Center for Food Safety Seeks OSHA Rule For Meat Processors

On May 4, the Center for Food Safety (CFS), an industrial agriculture advocacy group, filed a legal action with the Occupational Safety and Health Administration (OSHA) petitioning OSHA to develop more stringent rules concerning oversight of meat processing facilities during the COVID-19 pandemic.

The Rulemaking Petition stated that current OSHA guidance for meat processing facilities operating during the COVID-19 pandemic fails to ensure “safe and healthful working conditions” for workers at said facilities. CFS blamed the failures in the fact that OSHA merely provided recommendations for facilities and not mandatory standards. The petition requested that OSHA issue an emergency temporary standard (ETS), a category of rules designed to enforce agency orders mandating required behavior until a final rulemaking occurs.

CFS asserted that the ETS should require every meat processing facility to: (1) develop a COVID-19 assessment and control plan; (2) implement measures to “require workers to be at least six feet apart”; (3) install physical barriers to separate workers; (4) provide face masks and gloves at facility expense; (5) “prohibit sick workers from coming to work and continue to pay and provide health care for sick workers”; (6) “slow line speeds if they pose a threat to worker or food safety”; (7) “educate and train workers on how to reduce the spread of COVID-19”; (8) “ensure regular cleaning and disinfecting of tools and equipment”; (9) “notify workers of possible exposure if a worker is confirmed to have COVID-19 and carry out deep cleaning after confirmed cases”; and (10) increase facility inspections “to ensure compliance with the ETS.” CFS further avered that it has the legal authority to request such an ETS under the Occupational Safety and Health Act, which requires OSHA to proffer an ETS if OSHA determines that meat processing facility employees are “exposed to grave danger from exposure to substances or agents determined to be toxic or physically harmful” and that the danger necessitates such an ETS to ensure employee protection.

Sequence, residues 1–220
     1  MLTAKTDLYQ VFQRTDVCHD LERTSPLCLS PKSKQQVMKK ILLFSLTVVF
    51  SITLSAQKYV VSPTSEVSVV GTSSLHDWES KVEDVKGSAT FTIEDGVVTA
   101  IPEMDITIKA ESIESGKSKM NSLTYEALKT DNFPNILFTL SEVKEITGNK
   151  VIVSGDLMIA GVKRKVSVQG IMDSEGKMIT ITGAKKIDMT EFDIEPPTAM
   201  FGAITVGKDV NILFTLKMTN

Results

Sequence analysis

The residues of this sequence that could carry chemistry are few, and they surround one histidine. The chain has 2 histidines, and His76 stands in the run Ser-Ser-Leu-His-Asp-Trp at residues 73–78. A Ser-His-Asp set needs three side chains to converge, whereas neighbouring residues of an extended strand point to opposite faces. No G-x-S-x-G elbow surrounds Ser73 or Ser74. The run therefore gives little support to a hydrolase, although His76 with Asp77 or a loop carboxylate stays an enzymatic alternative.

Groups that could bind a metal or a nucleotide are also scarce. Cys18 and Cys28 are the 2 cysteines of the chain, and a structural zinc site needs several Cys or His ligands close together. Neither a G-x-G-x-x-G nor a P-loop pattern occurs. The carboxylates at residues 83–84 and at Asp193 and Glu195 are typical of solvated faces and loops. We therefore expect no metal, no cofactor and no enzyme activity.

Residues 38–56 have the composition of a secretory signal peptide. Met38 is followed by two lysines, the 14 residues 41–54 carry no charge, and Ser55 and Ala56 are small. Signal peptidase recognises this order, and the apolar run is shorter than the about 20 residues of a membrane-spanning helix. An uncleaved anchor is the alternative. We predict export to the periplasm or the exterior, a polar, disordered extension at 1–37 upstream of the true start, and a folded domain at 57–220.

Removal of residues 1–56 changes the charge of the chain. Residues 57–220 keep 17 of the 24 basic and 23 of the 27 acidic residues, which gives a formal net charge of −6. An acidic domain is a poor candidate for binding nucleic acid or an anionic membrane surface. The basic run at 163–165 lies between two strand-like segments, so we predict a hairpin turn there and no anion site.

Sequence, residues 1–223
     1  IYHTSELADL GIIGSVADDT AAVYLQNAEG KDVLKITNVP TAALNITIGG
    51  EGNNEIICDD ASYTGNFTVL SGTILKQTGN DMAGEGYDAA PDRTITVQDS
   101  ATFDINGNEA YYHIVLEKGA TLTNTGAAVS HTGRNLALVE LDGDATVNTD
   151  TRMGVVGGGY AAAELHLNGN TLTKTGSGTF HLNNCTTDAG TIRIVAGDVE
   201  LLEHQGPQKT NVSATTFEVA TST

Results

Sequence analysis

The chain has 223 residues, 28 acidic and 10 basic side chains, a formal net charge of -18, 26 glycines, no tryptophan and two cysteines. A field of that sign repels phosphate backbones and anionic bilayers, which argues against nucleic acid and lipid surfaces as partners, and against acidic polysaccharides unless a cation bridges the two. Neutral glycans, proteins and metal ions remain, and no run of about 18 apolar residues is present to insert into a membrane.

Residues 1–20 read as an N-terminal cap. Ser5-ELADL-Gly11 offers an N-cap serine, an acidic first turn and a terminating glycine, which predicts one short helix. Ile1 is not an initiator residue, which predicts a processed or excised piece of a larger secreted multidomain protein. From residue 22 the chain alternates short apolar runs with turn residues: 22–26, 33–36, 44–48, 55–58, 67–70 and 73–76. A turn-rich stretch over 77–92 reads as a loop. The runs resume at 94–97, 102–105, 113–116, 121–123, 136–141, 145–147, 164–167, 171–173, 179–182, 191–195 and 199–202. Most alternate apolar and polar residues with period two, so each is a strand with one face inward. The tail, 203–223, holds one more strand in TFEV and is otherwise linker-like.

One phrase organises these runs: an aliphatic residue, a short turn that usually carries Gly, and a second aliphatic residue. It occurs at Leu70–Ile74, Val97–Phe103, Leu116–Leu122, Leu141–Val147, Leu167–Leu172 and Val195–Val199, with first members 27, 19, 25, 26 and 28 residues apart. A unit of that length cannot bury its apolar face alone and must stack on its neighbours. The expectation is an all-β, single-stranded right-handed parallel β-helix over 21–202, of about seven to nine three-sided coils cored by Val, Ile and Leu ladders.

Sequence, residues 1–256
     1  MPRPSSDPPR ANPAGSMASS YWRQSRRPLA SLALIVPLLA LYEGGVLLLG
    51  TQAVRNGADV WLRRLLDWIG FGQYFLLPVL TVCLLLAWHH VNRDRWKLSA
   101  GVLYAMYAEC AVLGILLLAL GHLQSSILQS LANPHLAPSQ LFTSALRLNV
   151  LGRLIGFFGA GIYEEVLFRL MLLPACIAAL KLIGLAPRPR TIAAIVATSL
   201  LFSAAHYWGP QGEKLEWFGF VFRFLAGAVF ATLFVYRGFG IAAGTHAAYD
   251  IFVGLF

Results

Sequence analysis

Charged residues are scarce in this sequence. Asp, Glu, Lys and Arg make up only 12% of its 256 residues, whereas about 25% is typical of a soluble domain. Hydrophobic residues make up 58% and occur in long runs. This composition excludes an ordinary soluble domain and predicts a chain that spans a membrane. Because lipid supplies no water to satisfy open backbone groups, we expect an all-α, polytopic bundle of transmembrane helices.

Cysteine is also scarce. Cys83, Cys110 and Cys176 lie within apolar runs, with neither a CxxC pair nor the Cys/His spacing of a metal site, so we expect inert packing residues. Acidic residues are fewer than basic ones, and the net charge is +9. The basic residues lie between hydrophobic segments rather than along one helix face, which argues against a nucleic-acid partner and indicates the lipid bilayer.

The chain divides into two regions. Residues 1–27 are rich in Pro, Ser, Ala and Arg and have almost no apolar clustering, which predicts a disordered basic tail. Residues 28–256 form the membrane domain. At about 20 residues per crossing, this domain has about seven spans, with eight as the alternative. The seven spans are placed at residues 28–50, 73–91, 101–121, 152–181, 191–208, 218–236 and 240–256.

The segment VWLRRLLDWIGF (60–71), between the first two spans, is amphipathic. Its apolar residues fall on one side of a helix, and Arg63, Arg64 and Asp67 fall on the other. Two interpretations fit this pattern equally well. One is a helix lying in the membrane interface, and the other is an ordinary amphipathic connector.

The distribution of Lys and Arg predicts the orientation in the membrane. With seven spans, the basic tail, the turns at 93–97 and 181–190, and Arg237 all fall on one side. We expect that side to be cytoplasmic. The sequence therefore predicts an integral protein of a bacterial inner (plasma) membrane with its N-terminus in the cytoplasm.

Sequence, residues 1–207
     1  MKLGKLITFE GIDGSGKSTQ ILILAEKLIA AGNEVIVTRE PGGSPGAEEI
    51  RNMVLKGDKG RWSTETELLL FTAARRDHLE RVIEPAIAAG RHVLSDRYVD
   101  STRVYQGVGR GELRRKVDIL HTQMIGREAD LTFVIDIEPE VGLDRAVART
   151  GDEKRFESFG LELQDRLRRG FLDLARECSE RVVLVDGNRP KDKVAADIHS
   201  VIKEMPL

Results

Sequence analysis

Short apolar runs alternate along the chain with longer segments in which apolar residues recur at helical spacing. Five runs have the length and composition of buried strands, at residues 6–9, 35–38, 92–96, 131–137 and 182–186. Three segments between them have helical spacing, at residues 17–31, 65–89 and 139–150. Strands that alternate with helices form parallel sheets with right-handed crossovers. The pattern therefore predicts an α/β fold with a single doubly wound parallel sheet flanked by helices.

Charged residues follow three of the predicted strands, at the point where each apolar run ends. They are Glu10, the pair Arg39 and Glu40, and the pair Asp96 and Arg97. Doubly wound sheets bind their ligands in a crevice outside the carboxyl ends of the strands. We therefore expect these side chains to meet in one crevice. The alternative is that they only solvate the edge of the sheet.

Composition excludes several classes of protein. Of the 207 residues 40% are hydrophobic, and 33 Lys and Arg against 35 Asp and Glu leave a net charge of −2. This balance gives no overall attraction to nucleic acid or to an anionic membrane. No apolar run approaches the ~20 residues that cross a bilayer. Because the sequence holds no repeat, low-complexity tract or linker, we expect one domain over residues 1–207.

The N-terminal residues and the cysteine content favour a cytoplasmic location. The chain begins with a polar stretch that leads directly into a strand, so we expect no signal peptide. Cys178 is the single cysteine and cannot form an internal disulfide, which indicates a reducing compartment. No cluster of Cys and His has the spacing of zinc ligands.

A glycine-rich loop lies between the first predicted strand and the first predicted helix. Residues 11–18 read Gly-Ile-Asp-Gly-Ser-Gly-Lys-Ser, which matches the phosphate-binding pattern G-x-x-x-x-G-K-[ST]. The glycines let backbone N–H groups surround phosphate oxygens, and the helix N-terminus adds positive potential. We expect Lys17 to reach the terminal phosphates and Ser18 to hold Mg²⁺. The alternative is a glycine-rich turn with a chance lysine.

If OSHA grants CFS the petitioned ETS, the standard receives immediate effect upon publication in the Federal Register. Following publication, the Act gives OSHA six months to determine whether to make the ETS a permanent rule.